Committing to her goal again, Ed takes more risks for the second attempt – stealing the equipment needed to implant the QC himself from his work after hours, lying to Sally about his whereabouts, dressing the part of the scoundrel when next he meets with Jill. This time, they take their relationship to a physical level.
Things go rapidly pear-shaped when they enter the dealers’ lair. Jill does get her new QC but then they have to contend with (ie. kill) the QC traffickers. In their escape, they encounter Jill’s ex-partner in crime who, it turns out, is Ed’s boss-man at the QC facility. Angry at Jill’s betrayal, he forces Ed at gun-point to remove Jill’s new QC but Jill manages to turn the tables at the last minute and then turns on Ed for giving in so quickly, leaving him in the woods.
Ed returns home on foot only to find that Jill beat him to Sally and his home is empty. Sally leaves a note that she’s off to “squeeze the day”. As he’s reading the note, the earth literally moves under his feet as his home – like his marriage, career, and dreams – crumbles beyond salvation.
Clinging to one last hope, he readies his boat (named the “John D” for John Dowland, PKD’s favourite composer) and tries to head out to sea. For a brief moment, as he launches the boat and gets underway, it looks like it might work out for him. Not a chance. He finds Jill’s broach on the deck and looks up to find Sally and Jill standing on the bow. (Don’t ask me where they were hiding. It’s a small boat.) They confront him with his betrayals and inform him that they’ve decided to take his boat and live out his fantasy without him. And then they throw him overboard.
He doesn’t get the poetic death, repenting for his errors. Instead, he washes up on the beach right next to the wreckage of his house. The women even threw his Syd Barrett record off the boat and it washes up right next to him. End credits as he hugs it to himself and laughs hysterically.
“Crazy Diamond” is high-maintenance viewing meaning that there’s a lot to look out for, a lot more to come back and watch a second time for understanding, and even some that you’ll need to do homework on in order to appreciate what the creators were trying to reference. Whether an hour’s entertainment is worth that extra leg-work is up to the individual.
Personally, I felt frustrated my first time through. Only on second viewing was I able to appreciate the rather beautiful phrasing and word choice in the script as well as the intriguing over-saturated look of the cinematography. Ultimately, I recognize that they are trying to do a lot here and applaud the ambition but can’t help but feel less would’ve been more.
Writer Tony Grisoni must be a HUGE Syd Barrett fan. “Crazy Diamond” is a direct reference to Syd Barrett, one of the founding members of Pink Floyd, who parted ways with the band as his mental health declined. After his departure, the band created a nine-part composition for him entitled “Shine On You Crazy Diamond”. Ed even uses the name “Syd” when he goes with Jill to meet the QC traffickers.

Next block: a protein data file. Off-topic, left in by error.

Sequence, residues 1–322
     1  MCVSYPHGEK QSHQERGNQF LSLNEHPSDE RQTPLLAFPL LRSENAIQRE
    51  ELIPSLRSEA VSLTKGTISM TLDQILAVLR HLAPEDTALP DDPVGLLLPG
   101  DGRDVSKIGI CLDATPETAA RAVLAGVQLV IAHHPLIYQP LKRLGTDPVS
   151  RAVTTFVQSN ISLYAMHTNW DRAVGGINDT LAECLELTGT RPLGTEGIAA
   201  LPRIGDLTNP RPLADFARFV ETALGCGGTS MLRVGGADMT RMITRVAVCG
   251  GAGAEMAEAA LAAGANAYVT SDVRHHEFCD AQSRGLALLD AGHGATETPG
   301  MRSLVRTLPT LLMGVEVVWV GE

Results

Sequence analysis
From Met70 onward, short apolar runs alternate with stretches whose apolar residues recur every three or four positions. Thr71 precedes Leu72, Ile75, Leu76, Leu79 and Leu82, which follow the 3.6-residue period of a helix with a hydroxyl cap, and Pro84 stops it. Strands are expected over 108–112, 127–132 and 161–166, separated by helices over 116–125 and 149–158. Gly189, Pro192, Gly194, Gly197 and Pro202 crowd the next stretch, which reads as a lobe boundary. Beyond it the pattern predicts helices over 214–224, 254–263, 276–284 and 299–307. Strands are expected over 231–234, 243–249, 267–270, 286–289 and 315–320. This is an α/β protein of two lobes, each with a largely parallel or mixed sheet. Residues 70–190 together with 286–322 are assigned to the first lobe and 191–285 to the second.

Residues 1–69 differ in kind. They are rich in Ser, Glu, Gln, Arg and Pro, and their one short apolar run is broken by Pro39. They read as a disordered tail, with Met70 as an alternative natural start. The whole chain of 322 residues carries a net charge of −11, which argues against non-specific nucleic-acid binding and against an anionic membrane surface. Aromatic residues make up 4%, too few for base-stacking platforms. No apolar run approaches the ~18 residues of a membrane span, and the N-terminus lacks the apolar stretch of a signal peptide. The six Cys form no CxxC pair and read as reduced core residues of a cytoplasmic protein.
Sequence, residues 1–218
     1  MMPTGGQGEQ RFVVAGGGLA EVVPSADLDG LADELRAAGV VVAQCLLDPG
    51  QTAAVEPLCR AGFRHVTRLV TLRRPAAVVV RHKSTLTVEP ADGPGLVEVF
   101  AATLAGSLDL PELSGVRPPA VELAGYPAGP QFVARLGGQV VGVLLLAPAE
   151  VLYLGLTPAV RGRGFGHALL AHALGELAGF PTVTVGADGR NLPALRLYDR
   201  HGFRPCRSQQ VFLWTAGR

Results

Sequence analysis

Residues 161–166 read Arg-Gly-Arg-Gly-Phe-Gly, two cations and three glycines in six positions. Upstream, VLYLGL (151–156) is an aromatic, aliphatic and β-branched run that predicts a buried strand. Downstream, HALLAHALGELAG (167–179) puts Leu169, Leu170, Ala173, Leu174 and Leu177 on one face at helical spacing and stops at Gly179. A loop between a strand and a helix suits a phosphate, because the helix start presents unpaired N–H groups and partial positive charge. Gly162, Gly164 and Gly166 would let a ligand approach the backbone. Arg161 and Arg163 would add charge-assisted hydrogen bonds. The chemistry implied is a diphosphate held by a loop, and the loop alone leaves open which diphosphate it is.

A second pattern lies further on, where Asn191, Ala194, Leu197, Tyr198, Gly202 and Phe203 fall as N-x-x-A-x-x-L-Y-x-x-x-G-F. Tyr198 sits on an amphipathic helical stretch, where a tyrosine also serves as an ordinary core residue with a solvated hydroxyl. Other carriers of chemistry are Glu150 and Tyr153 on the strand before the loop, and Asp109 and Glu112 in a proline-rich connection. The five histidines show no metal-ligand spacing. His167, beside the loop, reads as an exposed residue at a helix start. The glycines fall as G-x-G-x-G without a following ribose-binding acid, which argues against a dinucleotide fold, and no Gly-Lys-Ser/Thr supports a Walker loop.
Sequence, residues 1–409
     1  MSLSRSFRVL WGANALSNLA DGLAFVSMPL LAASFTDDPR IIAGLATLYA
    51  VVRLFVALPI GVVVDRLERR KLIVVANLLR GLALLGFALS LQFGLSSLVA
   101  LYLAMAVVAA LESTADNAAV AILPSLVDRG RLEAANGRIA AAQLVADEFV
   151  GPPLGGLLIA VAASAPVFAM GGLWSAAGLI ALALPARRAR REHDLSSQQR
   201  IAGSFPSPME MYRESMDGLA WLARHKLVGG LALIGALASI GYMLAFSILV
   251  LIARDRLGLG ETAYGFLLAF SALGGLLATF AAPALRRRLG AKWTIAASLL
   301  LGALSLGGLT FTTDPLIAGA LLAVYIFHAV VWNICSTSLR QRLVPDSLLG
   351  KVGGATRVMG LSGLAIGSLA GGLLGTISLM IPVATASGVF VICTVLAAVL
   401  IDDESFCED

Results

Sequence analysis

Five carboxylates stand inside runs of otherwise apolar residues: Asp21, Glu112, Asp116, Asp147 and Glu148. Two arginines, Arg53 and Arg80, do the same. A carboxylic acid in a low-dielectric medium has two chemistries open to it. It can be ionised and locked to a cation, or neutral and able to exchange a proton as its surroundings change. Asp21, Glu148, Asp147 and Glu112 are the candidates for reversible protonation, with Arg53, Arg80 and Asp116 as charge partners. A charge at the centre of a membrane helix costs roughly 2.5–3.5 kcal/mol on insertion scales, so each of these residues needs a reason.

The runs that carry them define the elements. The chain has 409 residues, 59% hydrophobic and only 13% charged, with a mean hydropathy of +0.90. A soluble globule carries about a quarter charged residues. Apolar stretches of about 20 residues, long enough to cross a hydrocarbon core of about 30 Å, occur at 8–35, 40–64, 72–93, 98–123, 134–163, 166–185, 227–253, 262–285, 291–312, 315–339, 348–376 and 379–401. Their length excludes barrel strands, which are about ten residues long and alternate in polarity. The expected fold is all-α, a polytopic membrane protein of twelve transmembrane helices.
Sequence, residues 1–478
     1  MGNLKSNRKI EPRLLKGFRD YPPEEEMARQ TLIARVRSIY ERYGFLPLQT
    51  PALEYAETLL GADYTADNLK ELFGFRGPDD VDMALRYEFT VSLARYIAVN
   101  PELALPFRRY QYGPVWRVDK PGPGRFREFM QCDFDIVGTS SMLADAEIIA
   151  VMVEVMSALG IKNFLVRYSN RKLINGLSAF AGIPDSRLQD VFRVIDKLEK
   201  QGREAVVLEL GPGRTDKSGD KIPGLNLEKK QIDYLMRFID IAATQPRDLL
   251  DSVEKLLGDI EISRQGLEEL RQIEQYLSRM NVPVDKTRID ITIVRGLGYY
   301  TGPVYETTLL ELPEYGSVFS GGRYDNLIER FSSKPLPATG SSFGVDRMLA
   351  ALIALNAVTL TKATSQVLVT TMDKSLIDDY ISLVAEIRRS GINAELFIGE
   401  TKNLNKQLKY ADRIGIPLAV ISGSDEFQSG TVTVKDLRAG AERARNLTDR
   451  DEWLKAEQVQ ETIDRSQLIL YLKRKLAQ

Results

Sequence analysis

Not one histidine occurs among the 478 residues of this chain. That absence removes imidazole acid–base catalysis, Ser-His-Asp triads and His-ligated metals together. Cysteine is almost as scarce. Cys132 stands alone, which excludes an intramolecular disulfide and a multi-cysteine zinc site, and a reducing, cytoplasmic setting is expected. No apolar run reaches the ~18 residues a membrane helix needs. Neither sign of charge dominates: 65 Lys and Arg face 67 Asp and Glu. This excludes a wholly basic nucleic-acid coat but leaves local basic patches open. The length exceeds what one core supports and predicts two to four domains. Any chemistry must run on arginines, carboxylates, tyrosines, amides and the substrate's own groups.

The story goes that Barrett wandered in to the studio when they were working on the album but he looked so different from when they’d last seen him and acted so strangely that no one recognized him for nearly an hour. This perhaps foreshadows the changes we see in Ed between his initial dream and his final rude awakening.
Barrett’s solo song “Octopus” reprises a couple of times throughout the episode (and plays over the end credits), reminding us that “…the seas will reach and always seep/So high you go, so low you creep”. Keep in mind, that if you don’t actually recognize the song, the show’s title will remain a total non sequitar.
Philip K. Dick’s interest in John Dowland is referenced in both Ed’s boat’s name and the song he sings for the QC mill’s vocal recognition. Again, unless you’re a real “Dickhead” (the actual term for a PKD fan), you’re not going to recognize these easter eggs.
Moving on to themes: there are really too many to be manageable in such a short narrative.
First, there’s the “seize the day”/”squeeze the day” mantra. Ed jokes about it. Jill uses it to coerce both him and Sally. Even the food delivery service’s motto is “Nothing’s Forever” (unless it’s actually the company’s name) and their service man is adamant that they “live for today”.
Then there’s Sally’s preoccupation with nurturing something. Their inability to have children festers with her and manifests in her lone independent act of rebellion, trying to grow the sprouts. Her daily commute takes her to Chimera Farms, where she confides her fears in the 40% human Sue. Even the food they have delivered somehow echoes Sally’s situation. After all, bad eggs are the first thing we see her throw out.
And that brings us to the largely unexplained illegality of growing your own food. The assumption can be made that it’s a government-imposed restriction to regulate the economics, possibly a way to leverage consumption in a population that doesn’t seem to need a lot of frivolities, in a world that is quite literally a facade, a thin layer of topsoil over fabricated “land”. But that’s purely an assumption. There just isn’t time to explain it all.
Given more time to establish the reasoning behind the rules this world plays by, we may have developed a better understanding for Ed’s need to escape and Sally’s ultimate abandonment. As it is, there’s a lot we need to fill in on our own and that doesn’t make for satisfying viewing.